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Education Sector in India

September, 2012

Introduction

India has emerged as a strong potential market for investments in training and education sector, due to its favourable demographics (young population) and being a services-driven economy. Further, India’s expanding role in sectors such as software development, generic pharmaceuticals and healthcare, would require the country to invest into learning and training segment as well.

The education sector of India is divided into two main segments; the core segment comprises of schools and higher education, while the non-core comprises of coaching classes, pre-schools and vocational trainings.

The Ministry of Human Resources Development (MHRD) controls this segment. It requires affiliation or accreditation from either of the following bodies:

  • ICSE (Council for the Indian School Certificate Examinations
  • CBSE (Central Board of Secondary Education)
  • IGCSE (International General Certificate of Secondary Education)
  • IB (International Baccalaureate from Geneva)
  • State Board

Market Size

With a growth rate of 10 to 15 per cent expected over the next decade, the Indian education market has witnessed a series of developments and changes in the last few years, which has resulted in a significant increase in the market size of the education industry compared to previous years.

According to an industry chamber study, the size of the education sector is expected to double to US$ 50 billion by 2015. According to the report, the size of the sector currently is pegged at US$ 25 billion, with higher education market estimated at US$ 15 billion. The Government is planning to spend about five per cent of gross domestic product (GDP) in the next five years on education, as per the study.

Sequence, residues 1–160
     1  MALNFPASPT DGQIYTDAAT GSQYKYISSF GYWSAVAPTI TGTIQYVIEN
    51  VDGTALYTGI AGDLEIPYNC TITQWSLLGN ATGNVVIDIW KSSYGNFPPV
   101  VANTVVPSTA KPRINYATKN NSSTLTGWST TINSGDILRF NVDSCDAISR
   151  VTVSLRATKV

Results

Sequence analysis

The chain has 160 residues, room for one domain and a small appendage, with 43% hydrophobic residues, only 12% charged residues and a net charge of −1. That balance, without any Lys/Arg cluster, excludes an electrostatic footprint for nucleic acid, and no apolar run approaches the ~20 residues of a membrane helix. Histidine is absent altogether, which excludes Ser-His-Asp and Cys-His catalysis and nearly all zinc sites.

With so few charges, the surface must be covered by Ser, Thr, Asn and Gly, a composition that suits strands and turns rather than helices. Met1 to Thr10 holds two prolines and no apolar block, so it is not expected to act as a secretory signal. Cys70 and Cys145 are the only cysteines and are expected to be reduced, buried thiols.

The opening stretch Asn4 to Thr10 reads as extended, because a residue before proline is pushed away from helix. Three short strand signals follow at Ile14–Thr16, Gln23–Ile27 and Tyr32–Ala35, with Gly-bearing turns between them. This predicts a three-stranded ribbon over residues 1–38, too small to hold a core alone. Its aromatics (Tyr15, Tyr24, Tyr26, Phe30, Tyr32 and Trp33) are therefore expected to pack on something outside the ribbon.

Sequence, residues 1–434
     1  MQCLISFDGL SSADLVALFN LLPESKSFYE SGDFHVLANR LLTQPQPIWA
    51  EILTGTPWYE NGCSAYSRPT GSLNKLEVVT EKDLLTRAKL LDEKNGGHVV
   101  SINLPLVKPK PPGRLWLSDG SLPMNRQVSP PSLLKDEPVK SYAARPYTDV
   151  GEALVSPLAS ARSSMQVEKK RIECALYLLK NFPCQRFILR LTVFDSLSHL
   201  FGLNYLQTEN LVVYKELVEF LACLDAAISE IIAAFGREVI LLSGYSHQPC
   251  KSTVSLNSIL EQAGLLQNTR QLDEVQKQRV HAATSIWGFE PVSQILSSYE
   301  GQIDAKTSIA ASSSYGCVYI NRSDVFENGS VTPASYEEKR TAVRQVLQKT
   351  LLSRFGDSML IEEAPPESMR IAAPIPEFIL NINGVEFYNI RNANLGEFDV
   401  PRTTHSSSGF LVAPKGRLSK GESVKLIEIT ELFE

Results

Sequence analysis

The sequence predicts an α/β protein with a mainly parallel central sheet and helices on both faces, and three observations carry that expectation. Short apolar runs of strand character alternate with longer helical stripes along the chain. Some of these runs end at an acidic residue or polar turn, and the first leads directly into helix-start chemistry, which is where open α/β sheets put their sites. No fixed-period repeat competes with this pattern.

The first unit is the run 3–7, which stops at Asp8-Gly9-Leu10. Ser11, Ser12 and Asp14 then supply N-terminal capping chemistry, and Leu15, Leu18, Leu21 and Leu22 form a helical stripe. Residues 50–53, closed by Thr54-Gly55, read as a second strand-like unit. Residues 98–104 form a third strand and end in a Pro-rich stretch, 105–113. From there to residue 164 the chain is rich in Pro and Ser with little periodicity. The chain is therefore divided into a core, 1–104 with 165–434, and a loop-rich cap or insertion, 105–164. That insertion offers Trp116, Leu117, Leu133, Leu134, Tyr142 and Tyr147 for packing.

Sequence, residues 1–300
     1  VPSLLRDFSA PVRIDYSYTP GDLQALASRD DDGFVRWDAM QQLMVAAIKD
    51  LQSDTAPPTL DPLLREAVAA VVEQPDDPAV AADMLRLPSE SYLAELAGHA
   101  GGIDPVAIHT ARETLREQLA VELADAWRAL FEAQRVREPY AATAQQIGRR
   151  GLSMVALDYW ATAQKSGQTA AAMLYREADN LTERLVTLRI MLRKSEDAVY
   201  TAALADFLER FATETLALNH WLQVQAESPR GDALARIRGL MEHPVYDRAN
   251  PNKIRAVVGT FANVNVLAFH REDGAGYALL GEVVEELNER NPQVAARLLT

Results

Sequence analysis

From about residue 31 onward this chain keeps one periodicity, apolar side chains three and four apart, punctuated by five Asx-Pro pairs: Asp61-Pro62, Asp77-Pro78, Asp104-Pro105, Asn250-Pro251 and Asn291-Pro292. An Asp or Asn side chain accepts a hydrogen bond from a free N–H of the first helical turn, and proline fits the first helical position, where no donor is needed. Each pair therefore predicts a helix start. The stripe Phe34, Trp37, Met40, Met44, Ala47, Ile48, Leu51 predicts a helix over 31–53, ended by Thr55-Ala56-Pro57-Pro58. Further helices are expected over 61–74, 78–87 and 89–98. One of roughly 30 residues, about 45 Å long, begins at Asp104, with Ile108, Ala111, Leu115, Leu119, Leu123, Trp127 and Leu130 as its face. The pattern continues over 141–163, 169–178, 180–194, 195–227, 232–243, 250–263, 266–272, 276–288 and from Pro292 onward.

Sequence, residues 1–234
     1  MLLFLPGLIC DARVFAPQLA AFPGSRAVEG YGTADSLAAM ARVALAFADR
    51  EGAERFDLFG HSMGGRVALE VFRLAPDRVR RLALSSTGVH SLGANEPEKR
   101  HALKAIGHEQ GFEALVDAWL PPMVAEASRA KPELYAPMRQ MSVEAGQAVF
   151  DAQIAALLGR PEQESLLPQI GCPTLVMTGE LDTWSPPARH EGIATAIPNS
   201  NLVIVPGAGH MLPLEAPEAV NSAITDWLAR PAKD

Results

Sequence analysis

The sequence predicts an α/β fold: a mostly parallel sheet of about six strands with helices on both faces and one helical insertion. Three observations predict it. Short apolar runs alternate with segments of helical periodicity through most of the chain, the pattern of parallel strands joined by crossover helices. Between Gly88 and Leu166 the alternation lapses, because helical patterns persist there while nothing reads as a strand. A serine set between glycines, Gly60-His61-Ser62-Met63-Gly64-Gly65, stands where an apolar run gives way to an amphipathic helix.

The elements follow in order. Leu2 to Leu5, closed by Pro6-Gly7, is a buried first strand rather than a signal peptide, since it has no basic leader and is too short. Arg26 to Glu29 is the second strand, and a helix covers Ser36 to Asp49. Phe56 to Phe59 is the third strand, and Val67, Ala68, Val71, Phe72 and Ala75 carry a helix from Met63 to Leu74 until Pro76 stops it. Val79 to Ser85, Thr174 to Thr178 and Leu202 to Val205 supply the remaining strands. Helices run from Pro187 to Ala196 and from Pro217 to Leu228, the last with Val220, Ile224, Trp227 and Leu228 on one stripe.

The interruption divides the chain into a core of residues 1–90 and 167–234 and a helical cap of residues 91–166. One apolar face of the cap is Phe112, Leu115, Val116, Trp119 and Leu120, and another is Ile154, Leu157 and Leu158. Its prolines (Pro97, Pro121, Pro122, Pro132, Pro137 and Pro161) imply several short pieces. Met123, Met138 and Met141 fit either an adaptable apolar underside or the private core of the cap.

In India, the pre-school segment is currently worth US$ 750 million and is expected to reach US$ 1 billion by 2012, said Arun Arora, Chairman, Serra International Pre-Schools.

The market size of K-12 sector is expected to reach US$ 34 billion in 2012, with a rise of 14 per cent, as compared to US$ 20 billion in 2008.

Vocational education/training is gathering huge investments from corporate and private equity (PE) firms as the methodology and technology pertaining to this sector is witnessing significant improvements. Enhancement in the demand and supply of online and correspondence courses, facilitation by Government and quality improvement are the factors driving the vocational training segment.

Investments

The Indian education sector is also considered as one of the major areas for investments as the entire education system is going through a process of renovation, according to a report ‘Emerging Opportunities for Private and Foreign Participants in Higher Education’ by PricewaterhouseCoopers (PwC).

The Government of India has allowed foreign direct Investment (FDI) up to 100 per cent through the automatic route in the education sector.

According to data released by the Department of Industrial Policy and Promotion (DIPP), the education sector has attracted FDI worth Rs 1170.09 crore (US$ 221.38 million) in the month of 2012.

The PE and venture capital investors have invested US$ 93 million into 10 education companies by July 2011, and are bullish about the sector's prospects going forward, according to Venture Intelligence. Some of the major developments in education and training sector in India are as follows:

  • Biocon has entered into a partnership with Manipal Education Malaysia (MEM) for an internship and graduate employment program for students of Manipal International University, who will be trained and employed in Biocon's Malaysian factory
  • Nokia and Oxfam India have launched a fellowship to engage with youth on the theme of sustainable consumption. The initiative 'Create to Inspire' aims to bring together 300 youth from Delhi and Hyderabad and provide them a platform to use music, dance, theatre, drama, film and photography to redefine the consumption of limited resources
  • Tata Consultancy Services (TCS) and HDFC Bank have come together to invest in a sports education startup - Kids Out Of Home (KOOH). Both the firms have invested 15 per cent each in KOOH
  • Ma Foi Strategic Consultants plans to acquire Chennai-based e-learning company Axis-V, a 10-year-old company which provides e-learning solutions, language training and life skills training to the IT industry. Some of its clients include Acer, Cognizant and Ramco Systems
  • Hyderabad-headquartered Next Education Private Limited, a technology-driven education enterprise, is planning to raise Rs 150 crore (US$ 28.38 million) PE fund in 2012. The company, which was started in 2007, has so far invested Rs 300 crore (US$ 56.76 million) in research, content development and in rolling out its pan-India operations